night time when costs are low. In reference [77] it is shown
for an ASHP that operation along time variable prices might
lead to reduced HP efficiency due to higher storage and lower
ambient temperatures during operation and increased part load
ratios. The fact that lowering operational costs might not lead
to higher efficiency is also stated in reference [141] where 8%
lower electricity costs but 2% higher electricity demands are
reported. In reference [82] even up to 19% higher electricity
consumption is reported due to load shifting.
Furthermore, it is hard to quantify the benefits of changed op-
eration as the cost savings that can be achieved strongly depend
on the price assumptions of the individual study and the extend
of idealisation in the assumptions. Reported savings reaching
from 7% [57] up to around 35% [56]. Structure and volatility
of prices, the quality of forecasts and a information about the
system are decisive parameters influencing the results.
Changing operation in order to minimise costs might not only
lead to increased energy consumption but also to indoor com-
fort deterioration as highlighted in the references [57;139] by
showing the pareto curves for comfort violations vs. economic
savings.
9
Table 1: Summary of the main applications and the commonly selected approaches and reported results.
Applications Target Findings References
Grid Voltage Con-
trol
Keep voltage in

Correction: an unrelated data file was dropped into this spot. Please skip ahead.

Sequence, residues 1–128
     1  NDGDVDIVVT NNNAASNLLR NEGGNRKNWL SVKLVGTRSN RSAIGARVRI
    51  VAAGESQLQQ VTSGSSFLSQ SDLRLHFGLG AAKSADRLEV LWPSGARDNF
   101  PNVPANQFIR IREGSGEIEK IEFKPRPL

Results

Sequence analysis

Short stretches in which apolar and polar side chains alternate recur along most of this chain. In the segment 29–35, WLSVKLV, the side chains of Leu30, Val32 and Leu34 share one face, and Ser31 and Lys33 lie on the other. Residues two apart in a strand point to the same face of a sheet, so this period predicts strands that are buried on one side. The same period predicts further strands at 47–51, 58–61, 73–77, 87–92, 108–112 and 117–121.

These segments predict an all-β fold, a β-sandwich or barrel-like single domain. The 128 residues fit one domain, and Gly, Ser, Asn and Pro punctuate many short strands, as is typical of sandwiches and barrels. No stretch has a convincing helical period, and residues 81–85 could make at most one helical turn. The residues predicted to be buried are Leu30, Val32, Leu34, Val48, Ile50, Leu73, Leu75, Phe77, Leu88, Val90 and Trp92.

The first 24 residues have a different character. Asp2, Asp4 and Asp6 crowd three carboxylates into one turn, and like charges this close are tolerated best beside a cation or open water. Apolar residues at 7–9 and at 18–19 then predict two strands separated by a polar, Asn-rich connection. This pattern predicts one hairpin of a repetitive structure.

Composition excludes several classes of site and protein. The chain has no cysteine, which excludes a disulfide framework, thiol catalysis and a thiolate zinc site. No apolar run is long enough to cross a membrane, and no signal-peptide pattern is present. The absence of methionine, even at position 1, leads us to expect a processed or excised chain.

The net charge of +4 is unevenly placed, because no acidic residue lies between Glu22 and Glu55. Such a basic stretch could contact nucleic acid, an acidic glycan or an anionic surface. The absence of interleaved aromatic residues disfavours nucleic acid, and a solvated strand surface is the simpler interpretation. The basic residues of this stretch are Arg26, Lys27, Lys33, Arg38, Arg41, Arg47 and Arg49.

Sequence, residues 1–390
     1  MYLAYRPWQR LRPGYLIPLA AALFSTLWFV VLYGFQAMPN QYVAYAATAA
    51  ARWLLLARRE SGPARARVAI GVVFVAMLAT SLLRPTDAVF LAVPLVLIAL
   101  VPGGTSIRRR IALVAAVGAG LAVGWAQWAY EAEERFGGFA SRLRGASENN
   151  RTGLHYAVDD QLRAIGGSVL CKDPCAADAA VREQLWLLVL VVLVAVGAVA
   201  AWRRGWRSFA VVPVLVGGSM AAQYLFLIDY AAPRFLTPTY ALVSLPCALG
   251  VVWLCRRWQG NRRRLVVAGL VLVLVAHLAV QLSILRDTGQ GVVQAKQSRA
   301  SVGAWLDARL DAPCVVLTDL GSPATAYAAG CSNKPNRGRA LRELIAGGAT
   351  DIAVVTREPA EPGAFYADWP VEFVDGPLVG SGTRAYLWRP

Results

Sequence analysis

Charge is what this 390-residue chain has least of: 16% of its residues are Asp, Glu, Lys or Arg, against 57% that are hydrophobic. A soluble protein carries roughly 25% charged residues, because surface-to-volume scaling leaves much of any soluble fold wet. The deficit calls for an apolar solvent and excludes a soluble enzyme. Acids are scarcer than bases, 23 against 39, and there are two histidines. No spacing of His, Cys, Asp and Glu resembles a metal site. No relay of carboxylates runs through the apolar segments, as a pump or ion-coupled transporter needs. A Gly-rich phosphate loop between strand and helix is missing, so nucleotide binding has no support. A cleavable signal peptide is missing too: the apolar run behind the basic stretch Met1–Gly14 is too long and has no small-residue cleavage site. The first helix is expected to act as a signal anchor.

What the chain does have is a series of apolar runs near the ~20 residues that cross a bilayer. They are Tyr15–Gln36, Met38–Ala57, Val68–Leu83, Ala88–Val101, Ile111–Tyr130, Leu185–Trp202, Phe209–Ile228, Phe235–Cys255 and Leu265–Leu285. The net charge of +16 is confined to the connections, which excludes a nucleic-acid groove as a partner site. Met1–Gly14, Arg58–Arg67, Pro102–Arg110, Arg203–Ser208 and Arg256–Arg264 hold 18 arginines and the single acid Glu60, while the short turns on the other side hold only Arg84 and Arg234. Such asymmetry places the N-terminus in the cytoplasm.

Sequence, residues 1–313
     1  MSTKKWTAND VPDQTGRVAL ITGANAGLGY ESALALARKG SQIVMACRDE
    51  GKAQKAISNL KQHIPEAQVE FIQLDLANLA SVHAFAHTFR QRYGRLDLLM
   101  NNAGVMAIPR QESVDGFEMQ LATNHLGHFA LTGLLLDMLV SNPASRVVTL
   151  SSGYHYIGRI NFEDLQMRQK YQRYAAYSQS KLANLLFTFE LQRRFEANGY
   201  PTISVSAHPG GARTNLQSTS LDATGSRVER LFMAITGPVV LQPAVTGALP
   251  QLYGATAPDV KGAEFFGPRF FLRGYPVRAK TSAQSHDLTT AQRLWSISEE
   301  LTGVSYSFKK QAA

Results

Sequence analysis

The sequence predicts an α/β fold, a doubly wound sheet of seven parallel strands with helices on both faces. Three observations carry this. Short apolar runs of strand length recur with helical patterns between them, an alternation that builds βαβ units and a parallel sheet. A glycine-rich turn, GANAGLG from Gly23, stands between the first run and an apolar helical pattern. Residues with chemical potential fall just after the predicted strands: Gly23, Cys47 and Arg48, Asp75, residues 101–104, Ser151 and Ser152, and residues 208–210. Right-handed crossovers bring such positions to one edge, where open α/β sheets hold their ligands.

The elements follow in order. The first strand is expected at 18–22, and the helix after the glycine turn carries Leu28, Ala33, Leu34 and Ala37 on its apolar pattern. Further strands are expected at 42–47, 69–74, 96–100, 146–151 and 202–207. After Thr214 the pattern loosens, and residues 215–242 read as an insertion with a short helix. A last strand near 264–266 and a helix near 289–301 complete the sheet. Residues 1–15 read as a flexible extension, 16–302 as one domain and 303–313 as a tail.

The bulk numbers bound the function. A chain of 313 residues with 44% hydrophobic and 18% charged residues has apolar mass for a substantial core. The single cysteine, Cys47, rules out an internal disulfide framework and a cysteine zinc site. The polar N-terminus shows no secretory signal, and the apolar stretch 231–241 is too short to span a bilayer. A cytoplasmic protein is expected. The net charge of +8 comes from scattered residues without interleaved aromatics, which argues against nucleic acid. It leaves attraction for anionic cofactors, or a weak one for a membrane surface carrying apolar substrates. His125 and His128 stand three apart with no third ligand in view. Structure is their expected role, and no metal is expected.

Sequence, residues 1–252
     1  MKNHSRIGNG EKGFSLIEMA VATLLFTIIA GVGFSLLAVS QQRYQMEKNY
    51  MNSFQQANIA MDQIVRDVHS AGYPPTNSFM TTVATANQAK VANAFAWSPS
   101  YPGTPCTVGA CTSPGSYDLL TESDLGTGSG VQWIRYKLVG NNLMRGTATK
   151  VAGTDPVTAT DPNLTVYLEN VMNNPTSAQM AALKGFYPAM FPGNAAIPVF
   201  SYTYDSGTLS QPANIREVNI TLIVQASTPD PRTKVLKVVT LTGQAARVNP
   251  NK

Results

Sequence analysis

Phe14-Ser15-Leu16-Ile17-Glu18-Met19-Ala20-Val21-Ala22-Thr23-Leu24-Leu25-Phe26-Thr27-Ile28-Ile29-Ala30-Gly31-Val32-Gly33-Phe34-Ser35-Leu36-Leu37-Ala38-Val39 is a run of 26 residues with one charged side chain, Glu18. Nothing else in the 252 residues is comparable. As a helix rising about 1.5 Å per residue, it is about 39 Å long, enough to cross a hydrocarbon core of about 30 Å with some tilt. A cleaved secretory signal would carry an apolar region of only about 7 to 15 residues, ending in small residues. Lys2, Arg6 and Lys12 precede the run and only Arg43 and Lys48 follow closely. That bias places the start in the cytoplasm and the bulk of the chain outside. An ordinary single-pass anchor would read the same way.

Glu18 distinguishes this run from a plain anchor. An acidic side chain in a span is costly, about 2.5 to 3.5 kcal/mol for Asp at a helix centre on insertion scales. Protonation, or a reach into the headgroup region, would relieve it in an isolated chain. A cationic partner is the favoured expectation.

tolerance band
Reduce critical
hours
Reduce grid rein-
forcement
Significant reduction of voltage problems with appropriate con-
trols
If HP is not controlled properly, could lead to voltage problems
Limited beneficial effects of storage increase
[40;72;73;94;100;
101;104;105;142]
Congestion
Management
Keep transformer
load within tolerance
Reduce peaks
Critical situations in the distribution grid appear mainly in sum-
mer (PV) or cold winter (HP)
Controls can help reduce load peaks in most cases but not al-
ways
HP can help reduce grid problems induced by PV, but potential
is limited
Potential of HP for grid services shows strong seasonal depen-
dency
Grid reinforcement due to increased HP penetration can be
avoided or limited with appropriate controls
[33;3941;81;103;
106;107;142? ?
146]
Operating Re-
serve
Providing reserve
power
Pools of heat pumps are able to operate on the reserve market
Focus of studies on development and demonstration of control
strategies
A bidding and a reference tracking strategy is proposed as con-
trols
[70;100;104;113
120]
RE Wind Integra-
tion
Increase wind
consumption
Decrease fluctua-
tions and peaks
Reduce carbon
emissions
Mostly focus on aggregated load profile
Reduced need for peak power plants based on flexible HP oper-
ation
Reduced imbalances
Correlation of wind availability and space heating demand
(northern/central Europe)
[76;83;85;96;107;
126;128;147149]
PV Integra-
tion
Increase self-
consumption rate
Reduce load peaks
Reduce voltage
problems
Reduce carbon
emissions
Mostly focus on individual household
Increased self-consumption through heat pumps
Reduced PV-feedin peaks at noon
Seasonal discrepancy between PV production and heat demand